Sunday, 11 May 2014

Thailand post #3: Elephant Nature Park, near Chiang Mai

This is my third post about my recent eight week trip to Thailand with my girlfriend Emily. You can read about our first few days in Thailand, in Bangkok here. You can read about the rest of our time in Chiang Mai, other than at the Elephant Nature Park here

One of the main things we were excited to do in Thailand was see Elephants. They are such huge and impressive animals and I've always wanted to see one in as close to their natural environment as possible. We researched places to see Elephants and didn't want to go anywhere where they allow people to ride them, or cause them any unnecessary harm or distress. Through many recommendations and from our own research, we discovered the Elephant Nature Park, located around 60km from Chiang Mai. 

Feeding Watermelon to an Elephant

The Elephant Nature Park is a rural sanctuary and rescue centre for elephants that have been abused or mistreated for work or tourism. Domesticated elephants are rescued from abusive work and situations, then live as free as they can be on 300 acres of land in the park with food and care provided every day. The Elephant Nature Park offers surroundings that are as close as they can be to the wild, but as they're already domesticated and have been for many years, they need humans on hand to provide food and medical care which the park provides.

There are currently 30 Elephants in the park, with a large number of staff working very hard to look after the Elephants. Each Elephant also has it's own full-time Mahout to supervise it, ensure it is well fed and does not get itself in trouble with other Elephants or with humans on site.

A small herd of Elephants, with an adorable six-month old

The elephants had created their own 'families' and herds within the park, even though none of them are related. The different herds are all so protective of each other, it was really lovely to see. It did however make me a bit sad to find out that there is one Elephant who lives on it's own with no herd! There is one blind Elephant who arrived and was quickly adopted by another herd, with one Elephant in particularly having taken on the role of her guide.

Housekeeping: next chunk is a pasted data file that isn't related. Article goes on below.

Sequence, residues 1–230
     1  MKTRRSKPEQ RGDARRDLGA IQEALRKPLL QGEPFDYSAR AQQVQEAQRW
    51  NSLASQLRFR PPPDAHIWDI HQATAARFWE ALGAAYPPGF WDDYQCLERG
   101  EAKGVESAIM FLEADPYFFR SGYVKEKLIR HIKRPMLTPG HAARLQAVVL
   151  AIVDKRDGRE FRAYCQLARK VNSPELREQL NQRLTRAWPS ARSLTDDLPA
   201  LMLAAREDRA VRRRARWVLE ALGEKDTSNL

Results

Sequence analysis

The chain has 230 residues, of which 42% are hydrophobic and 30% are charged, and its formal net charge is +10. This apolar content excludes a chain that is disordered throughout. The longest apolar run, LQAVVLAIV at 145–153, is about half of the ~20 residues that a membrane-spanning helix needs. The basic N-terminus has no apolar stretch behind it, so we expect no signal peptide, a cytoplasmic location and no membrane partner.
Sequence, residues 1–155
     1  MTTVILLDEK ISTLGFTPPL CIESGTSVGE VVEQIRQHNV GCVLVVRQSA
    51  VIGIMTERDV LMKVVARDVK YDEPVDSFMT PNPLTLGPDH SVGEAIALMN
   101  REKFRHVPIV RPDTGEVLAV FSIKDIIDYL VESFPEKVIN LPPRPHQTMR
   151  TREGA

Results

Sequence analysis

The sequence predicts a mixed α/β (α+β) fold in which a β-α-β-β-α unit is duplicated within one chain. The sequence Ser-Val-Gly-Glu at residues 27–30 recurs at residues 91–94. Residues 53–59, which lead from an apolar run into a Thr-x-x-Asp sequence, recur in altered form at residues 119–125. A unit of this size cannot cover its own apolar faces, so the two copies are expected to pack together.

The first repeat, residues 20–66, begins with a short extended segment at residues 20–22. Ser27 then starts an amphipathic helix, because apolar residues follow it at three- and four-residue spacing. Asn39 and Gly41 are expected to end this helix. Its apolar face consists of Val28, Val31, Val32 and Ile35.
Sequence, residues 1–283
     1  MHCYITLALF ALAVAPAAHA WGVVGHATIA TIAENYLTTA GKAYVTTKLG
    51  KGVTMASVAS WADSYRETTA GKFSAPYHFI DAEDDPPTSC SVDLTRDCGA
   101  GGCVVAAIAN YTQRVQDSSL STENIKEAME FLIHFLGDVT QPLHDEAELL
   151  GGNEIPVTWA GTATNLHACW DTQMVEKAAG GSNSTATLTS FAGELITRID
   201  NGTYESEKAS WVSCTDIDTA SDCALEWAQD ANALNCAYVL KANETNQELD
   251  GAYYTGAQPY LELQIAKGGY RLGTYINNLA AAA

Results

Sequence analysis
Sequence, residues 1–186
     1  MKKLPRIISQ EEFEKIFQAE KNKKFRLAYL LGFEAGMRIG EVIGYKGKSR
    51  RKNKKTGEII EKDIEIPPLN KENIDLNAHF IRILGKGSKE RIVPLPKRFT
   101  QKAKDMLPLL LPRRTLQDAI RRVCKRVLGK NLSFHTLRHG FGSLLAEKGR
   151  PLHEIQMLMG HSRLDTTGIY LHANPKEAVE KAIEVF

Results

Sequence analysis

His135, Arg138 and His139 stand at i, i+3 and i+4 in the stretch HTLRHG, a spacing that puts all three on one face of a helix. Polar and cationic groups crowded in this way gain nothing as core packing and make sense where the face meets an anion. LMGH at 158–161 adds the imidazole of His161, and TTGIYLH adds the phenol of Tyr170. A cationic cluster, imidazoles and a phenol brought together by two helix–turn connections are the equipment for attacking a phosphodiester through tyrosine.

You can view a video below, which is featured on the Elephant Nature Park website:

All of the money charged for entry goes towards maintaining and improving the park and to care for the Elephants. The day is well thought out, with plenty to do and great value for money. We were picked up in a minivan from our guest house at around 10am. We drove for around an hour to get to the park, whilst for the most-part of the journey we watched a long video about the work the park does. To be honest, we would rather have not watched this and just waited until we got to the park to see everything for ourselves! A guide was with us in the minivan and stayed with us all day, telling us about all aspects of the park and about the individual Elephants stories.

Upon arrival, it wasn't long at all until we were feeding the Elephants, which was just completely amazing. They are such incredible animals and it was so impressive seeing what they could do with their long trunks! We were then carefully lead through the Elephant enclosure to the Elephant medical centre, where we met a beautiful Elephant who had been very badly treated by a logging business. She has a big whole in her ear where her keepers had used a big hook to lead her around, which was sad to see. The Elephant Nature Park have now put a huge flower in the hole, so it looked like a big beautiful earring!

Elephant with big earring :)

Next it was human lunchtime, with an absolutely enormous buffet selection to choose from. Probably the best meal I had during my whole eight weeks in Thailand. After lunch, we were invited to watch an educational video in a conference room, but we opted to watch the magnificent Elephants from a viewing platform instead. After everyone else had finished watching the video, we were then carefully lead back into the Elephant enclosure to view lots of Elephants close-up and learn more about them. 

Washing an Elephant, so much fun!

One of the best parts of the day was washing the Elephants in the river. As soon as they got out of the river, the Elephants immediately threw dust over themselves with their trunks, as this acts as natural sun protection. All our hard work for nothing! Finally, before home time, it was time for one last feeding, which was no-less exciting than the first time. We were driven back to Chiang Mai and dropped at our guest house at around 5.30pm. An absolutely amazing day out.

An incredibly cute six-month old baby Elephant being fed pumpkin

Emily and I with an elderly Elephant

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